更新日期:2019-12-17
  • tRNA functional signatures classify plastids as late-branching cyanobacteria
    BMC Evol. Biol. (IF 3.045) Pub Date : 2019-12-09
    Travis J Lawrence; Katherine CH Amrine; Wesley D Swingley; David H Ardell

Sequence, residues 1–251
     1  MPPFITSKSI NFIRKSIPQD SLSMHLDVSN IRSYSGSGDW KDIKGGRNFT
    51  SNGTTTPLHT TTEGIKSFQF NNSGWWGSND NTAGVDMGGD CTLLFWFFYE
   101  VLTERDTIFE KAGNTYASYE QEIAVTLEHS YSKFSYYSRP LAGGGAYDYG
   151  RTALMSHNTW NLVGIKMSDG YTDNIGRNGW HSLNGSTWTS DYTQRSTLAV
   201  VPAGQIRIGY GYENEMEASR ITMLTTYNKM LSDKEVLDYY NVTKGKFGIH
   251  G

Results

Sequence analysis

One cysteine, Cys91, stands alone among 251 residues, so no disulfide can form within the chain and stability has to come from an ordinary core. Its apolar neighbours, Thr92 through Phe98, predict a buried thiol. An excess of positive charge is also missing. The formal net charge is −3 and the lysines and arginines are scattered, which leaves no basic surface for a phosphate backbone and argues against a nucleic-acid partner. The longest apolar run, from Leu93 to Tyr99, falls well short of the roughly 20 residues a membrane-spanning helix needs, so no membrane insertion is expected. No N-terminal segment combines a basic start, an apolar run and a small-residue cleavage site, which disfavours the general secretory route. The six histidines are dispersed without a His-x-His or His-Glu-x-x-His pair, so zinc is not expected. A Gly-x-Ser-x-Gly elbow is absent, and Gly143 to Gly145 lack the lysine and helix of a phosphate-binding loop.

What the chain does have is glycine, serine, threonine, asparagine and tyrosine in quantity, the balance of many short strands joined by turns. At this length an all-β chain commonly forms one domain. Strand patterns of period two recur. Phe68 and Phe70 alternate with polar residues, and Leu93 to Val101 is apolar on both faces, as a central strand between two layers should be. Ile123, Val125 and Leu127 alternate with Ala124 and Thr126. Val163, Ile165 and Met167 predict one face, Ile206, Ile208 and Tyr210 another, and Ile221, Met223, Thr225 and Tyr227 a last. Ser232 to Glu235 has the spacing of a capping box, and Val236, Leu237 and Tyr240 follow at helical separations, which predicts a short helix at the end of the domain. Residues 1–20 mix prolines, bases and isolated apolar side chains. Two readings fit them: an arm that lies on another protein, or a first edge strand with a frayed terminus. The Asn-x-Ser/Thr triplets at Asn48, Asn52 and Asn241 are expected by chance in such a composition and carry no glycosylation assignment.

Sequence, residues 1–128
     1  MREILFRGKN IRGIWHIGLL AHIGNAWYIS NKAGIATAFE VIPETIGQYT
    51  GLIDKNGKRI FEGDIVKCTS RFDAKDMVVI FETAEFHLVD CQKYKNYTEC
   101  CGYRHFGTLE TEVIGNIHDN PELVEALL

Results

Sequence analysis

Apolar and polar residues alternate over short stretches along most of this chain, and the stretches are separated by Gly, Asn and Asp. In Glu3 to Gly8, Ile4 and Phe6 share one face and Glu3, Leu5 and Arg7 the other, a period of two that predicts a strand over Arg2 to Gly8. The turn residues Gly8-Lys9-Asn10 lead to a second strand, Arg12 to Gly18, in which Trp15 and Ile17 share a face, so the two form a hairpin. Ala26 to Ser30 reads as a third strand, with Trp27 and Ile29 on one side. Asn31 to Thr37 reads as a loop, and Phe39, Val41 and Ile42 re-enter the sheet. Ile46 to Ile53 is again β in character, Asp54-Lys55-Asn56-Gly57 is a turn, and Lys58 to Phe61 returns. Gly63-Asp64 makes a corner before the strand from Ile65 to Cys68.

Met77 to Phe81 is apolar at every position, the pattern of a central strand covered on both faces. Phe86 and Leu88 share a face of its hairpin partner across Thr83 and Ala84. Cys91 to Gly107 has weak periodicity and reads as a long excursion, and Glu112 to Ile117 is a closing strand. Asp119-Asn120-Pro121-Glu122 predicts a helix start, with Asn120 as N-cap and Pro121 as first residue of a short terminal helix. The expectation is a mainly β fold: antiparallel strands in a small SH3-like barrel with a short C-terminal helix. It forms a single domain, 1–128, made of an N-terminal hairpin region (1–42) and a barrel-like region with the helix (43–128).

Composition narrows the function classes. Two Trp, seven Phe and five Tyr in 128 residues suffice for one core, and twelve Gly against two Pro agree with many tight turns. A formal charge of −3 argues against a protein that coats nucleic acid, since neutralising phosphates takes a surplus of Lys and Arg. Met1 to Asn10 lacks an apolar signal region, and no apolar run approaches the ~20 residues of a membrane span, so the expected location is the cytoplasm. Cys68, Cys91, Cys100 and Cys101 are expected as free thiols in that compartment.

Eukaryotes acquired the trait of oxygenic photosynthesis through endosymbiosis of the cyanobacterial progenitor of plastid organelles. Despite recent advances in the phylogenomics of Cyanobacteria, the phylogenetic root of plastids remains controversial. Although a single origin of plastids by endosymbiosis is broadly supported, recent phylogenomic studies are contradictory on whether plastids branch early or late within Cyanobacteria. One underlying cause may be poor fit of evolutionary models to complex phylogenomic data. Using Posterior Predictive Analysis, we show that recently applied evolutionary models poorly fit three phylogenomic datasets curated from cyanobacteria and plastid genomes because of heterogeneities in both substitution processes across sites and of compositions across lineages. To circumvent these sources of bias, we developed CYANO-MLP, a machine learning algorithm that consistently and accurately phylogenetically classifies (“phyloclassifies”) cyanobacterial genomes to their clade of origin based on bioinformatically predicted function-informative features in tRNA gene complements. Classification of cyanobacterial genomes with CYANO-MLP is accurate and robust to deletion of clades, unbalanced sampling, and compositional heterogeneity in input tRNA data. CYANO-MLP consistently classifies plastid genomes into a late-branching cyanobacterial sub-clade containing single-cell, starch-producing, nitrogen-fixing ecotypes, consistent with metabolic and gene transfer data. Phylogenomic data of cyanobacteria and plastids exhibit both site-process heterogeneities and compositional heterogeneities across lineages. These aspects of the data require careful modeling to avoid bias in phylogenomic estimation. Furthermore, we show that amino acid recoding strategies may be insufficient to mitigate bias from compositional heterogeneities. However, the combination of our novel tRNA-specific strategy with machine learning in CYANO-MLP appears robust to these sources of bias with high accuracy in phyloclassification of cyanobacterial genomes. CYANO-MLP consistently classifies plastids as late-branching Cyanobacteria, consistent with independent evidence from signature-based approaches and some previous phylogenetic studies.